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Sunday, April 14, 2013

Bezos on the big brains

I recall reading this quote (or something similar) when Bezos was Time magazine's Man of the Year in 1999.
Jeff Bezos: Yeah. So, I went to Princeton primarily because I wanted to study physics, and it's such a fantastic place to study physics. Things went fairly well until I got to quantum mechanics and there were about 30 people in the class by that point and it was so hard for me. I just remember there was a point in this where I realized I'm never going to be a great physicist. There were three or four people in the class whose brains were so clearly wired differently to process these highly abstract concepts, so much more. I was doing well in terms of the grades I was getting, but for me it was laborious, hard work. And, for some of these truly gifted folks -- it was awe-inspiring for me to watch them because in a very easy, almost casual way, they could absorb concepts and solve problems that I would work 12 hours on, and it was a wonderful thing to behold. At the same time, I had been studying computer science, and was really finding that that was something I was drawn toward. I was drawn to that more and more and that turned out to be a great thing. So I found -- one of the great things Princeton taught me is that I'm not smart enough to be a physicist.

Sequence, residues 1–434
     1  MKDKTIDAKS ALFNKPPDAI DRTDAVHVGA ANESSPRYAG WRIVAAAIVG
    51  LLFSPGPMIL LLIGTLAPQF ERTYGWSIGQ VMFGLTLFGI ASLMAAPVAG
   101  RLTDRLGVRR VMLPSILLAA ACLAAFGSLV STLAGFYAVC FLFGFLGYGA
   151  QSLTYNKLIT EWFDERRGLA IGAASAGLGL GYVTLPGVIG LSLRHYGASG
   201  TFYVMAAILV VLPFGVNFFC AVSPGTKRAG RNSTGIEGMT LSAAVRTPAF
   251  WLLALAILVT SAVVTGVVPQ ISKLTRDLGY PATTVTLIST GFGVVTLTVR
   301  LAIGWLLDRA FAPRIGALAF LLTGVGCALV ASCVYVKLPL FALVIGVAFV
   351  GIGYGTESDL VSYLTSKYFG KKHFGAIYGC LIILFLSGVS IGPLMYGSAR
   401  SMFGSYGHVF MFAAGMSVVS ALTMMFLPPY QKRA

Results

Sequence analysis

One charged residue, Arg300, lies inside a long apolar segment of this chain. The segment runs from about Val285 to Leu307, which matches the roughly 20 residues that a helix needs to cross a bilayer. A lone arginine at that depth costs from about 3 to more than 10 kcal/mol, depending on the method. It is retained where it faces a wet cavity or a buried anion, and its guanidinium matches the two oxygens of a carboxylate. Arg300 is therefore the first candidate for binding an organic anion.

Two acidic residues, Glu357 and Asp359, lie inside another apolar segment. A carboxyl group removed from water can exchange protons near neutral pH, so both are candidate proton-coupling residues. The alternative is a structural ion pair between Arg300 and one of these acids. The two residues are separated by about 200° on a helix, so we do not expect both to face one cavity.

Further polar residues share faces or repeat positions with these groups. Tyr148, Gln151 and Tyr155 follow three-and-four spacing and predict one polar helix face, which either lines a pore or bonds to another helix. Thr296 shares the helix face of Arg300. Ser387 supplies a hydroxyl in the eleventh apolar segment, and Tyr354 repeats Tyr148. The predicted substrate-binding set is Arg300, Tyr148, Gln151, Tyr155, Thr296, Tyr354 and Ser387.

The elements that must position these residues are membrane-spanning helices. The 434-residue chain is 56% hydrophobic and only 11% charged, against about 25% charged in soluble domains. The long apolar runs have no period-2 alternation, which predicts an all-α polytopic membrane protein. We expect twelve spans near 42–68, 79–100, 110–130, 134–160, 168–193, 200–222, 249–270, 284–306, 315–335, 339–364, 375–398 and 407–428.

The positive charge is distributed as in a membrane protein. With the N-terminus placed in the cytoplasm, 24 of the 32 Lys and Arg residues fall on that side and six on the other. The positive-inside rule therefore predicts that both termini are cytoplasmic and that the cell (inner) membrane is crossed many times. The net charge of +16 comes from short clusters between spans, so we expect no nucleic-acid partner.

It turns out I know several of Bezos' contemporaries at Princeton (class of 1986), including some members of his eating club, and possibly some of the individuals described above. See this old post, Living Like Kings:
Physics library, LeConte Hall, Berkeley, 1987. Studying string theory and Calabi-Yau tomfoolery about 100m from the Campanile in the picture above. We'll never have it better than that.

Me: Mike, I can't believe we're in here working on such a beautiful afternoon. Look at that sunshine!

Mike C. (the pride of Jadwin Hall): Hsu, we're doing exactly what we want to be doing. We're livin' like kings, man! Livin' like kings (big grin).


See also One hundred thousand brains and Defining Merit:
... Bender also had a startlingly accurate sense of how many truly intellectually outstanding students were available in the national pool. He doubted whether more than 100-200 candidates of truly exceptional promise would be available for each year's class. This number corresponds to (roughly) +4 SD in mental ability. Long after Bender resigned, Harvard still reserved only 10 percent of its places (roughly 150 spots) for "top brains".

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